A Glittering World: Menomonie resident produces children’s album, music videos

Lauren Fisher

SPACE HAM. Menomonie’s Beth Jean has harnessed her musical talent and whimsical aesthetic to create silly, kid-friendly music videos.
SPACE HAM. Menomonie’s Beth Jean has harnessed her musical talent and whimsical aesthetic to create silly, kid-friendly music videos.

Beth Jean’s first business cards sported a picture of her riding a unicorn. Her childhood inspiration was Miss Piggy of the Muppets; in adulthood she looks up to Dolly Parton. Both had big personalities and big styles that Beth loved, along with glitter and glam, and in Parton’s case, charm and kindness. From the time she was young, Beth played violin, tap danced, and was enthralled when performers strutted their stuff on the television. Now she’s infused that passion for performance and love of sparkle into a self-titled album of children’s songs accompanied by exciting music videos.

Beth Jean took her interest in the spotlight to Boston and Los Angeles, performing with Second City and producing a few pop songs that made their way onto MTV. But in time she was worn down by big city life, and found herself home in Menomonie. There, she rerouted her approach to music, focusing on the things she really loved about it: Having fun, being silly and outgoing, and tinkering with quirky instruments such as toy pianos and Benjamin Franklin’s invention, the glass armonica.

“As much as I want to hear a kazoo on Top 40 radio, I think I’m probably more fit for kids,” Beth said. So she began writing songs about playing on a farm, reading books, and growing up to be a mermaid. But the music itself wasn’t enough; she wanted to create a world of fun characters and exciting scenes for kids to enjoy.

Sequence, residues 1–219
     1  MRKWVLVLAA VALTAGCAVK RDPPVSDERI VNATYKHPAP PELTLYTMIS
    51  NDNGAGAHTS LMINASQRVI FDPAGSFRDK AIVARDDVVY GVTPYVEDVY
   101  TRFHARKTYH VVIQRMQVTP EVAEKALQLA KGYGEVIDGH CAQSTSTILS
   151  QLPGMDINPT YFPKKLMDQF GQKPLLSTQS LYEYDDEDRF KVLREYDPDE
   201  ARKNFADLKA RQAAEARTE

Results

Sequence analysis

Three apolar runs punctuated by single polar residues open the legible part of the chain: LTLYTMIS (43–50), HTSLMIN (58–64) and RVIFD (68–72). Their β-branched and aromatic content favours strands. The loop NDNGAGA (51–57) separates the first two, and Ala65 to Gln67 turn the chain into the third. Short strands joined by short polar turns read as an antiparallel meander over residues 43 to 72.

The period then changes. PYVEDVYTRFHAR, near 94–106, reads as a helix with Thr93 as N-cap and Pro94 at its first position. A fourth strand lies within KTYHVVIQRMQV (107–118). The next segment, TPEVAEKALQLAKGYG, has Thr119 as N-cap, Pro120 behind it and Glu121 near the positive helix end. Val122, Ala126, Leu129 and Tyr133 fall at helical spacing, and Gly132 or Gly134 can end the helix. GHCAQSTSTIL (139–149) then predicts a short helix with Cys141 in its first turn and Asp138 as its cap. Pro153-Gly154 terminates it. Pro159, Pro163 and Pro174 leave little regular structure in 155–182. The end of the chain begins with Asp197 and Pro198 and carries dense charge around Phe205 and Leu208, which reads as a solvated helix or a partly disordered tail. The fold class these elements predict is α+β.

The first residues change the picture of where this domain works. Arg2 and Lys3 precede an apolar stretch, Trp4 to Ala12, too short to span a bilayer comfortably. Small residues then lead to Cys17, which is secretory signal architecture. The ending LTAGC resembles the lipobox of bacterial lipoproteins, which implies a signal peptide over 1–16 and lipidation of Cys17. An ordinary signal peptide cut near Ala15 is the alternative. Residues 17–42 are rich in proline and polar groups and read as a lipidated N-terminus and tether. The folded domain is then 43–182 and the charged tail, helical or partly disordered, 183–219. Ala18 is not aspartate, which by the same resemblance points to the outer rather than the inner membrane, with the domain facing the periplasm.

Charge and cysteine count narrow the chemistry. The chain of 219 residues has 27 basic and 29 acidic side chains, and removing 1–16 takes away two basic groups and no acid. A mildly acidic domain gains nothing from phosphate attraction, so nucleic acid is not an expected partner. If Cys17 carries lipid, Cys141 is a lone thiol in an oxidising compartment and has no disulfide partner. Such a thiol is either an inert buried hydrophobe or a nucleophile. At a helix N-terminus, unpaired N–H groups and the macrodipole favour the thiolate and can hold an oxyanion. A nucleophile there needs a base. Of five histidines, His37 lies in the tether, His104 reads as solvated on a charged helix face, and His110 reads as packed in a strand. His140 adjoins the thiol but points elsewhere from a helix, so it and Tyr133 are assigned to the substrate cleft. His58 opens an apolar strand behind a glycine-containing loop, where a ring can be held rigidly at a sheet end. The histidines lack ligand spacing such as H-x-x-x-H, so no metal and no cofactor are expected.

With the help of the “Art Department at Beth Jean Headquarters” (Beth Jean’s mother, Debbie), she took her basic video editing experience and produced her first music video, “The Martian Song.” Dressed in a shimmering space suit, she rides around in her ship and dances with an alien at the disco. She created the costumes, props, and sets from scratch, combining them using video editing software to build collage-like scenes.

“Thank goodness for foam board and duct tape,” Beth Jean said. With the help of these trusty tools – and a lot of creativity – she has made videos for a song about sailing, one about how amazing reading is, and even a Halloween special done in rhyme.

The songs were recorded and produced in Boston by Bleu McAuley and Ducky Carlisle, with orchestration arrangements by Paul Ahlstrand. Beth Jean worked on the videos and built the website while the album was wrapping up with final tweaks and edits. BethJean.com went live in October, and she has been uploading new content regularly since then.

Beth Jean is inspired by the Beatles – Paul McCartney will have her heart “forever and always” – and fun ’60s pop hits such as “Itsy Bitsy Teeny Weeny Yellow Polka Dot Bikini” and “Purple People Eater.” She integrates wacky synthetic tones with pop-like melodies in some songs, and theatrical, driving tracks in others. It’s all in an effort to get kids up and dancing, celebrating their interests, and feeling good about themselves.

“It’s me, it’s my style,” Beth Jean said. “I don’t have to worry about being cool – I can just be me and be sparkly and glitzy.” If she can pass on that joy to young people, she’s accomplishing her goals. “I want to continue that vibe of bringing that glam to the children’s world.”

Beth Jean’s self-titled debut album is available for download on iTunes, Amazon, and Spotify. Music videos can be streamed on YouTube or from bethjean.com.

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